On October 4, 2018, New Democratic Party Member of Parliament Murray Rankin tabled a private member’s bill in the Canadian House of Commons that, if passed, will establish a procedure whereby certain cannabis-related convictions will be expunged and the corresponding criminal records destroyed.
Bill C-415, the Expungement of Certain Cannabis-related Convictions Act, would give the Parole Board of Canada (the “Board“) the power to expunge convictions for a variety of cannabis-related offences. In particular, any conviction for the possession of cannabis (or its derivatives) would be eligible to be expunged, provided that the conviction in question would not constitute another offence under the Controlled Drugs and Substances Act (“CDSA“) or any other Federal Act of Parliament at the time that the application for expungement is made. The legislation also allows other offences to be designated by the government which would be eligible to be expunged as well.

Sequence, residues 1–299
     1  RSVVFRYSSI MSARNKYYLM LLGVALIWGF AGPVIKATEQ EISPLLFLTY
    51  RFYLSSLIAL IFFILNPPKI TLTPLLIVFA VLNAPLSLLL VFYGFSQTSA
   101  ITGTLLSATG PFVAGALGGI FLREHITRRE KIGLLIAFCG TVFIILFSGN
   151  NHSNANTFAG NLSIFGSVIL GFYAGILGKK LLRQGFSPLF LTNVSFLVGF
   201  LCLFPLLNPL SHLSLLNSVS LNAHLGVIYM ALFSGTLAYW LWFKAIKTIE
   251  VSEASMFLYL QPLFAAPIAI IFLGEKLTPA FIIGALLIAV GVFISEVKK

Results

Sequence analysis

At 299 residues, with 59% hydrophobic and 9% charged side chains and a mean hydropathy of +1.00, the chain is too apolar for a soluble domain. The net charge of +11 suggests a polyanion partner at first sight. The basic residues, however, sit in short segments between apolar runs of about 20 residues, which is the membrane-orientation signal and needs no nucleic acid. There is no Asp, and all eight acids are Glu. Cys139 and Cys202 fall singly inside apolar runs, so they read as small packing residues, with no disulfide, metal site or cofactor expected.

The Board would be obligated to order expungement if there is no evidence that the activity in respect of which the application for expungement is made is prohibited under the CDSA or any other Act of Parliament at the time of the application.
Under the proposed legislation, if the Board orders expungement of a conviction, the person convicted of the offence is deemed never to have been charged with, and convicted of, that offence. In addition, the Royal Canadian Mounted Police and any federal department or agency that hold records of the conviction would be obligated to destroy or remove any judicial record of the conviction in question.
Proponents of the bill, including Mr. Rankin and Annamaria Enenajor, the campaign director for Cannabis Amnesty, hope the Liberal Government will run with the bill and ensure that it gets passed.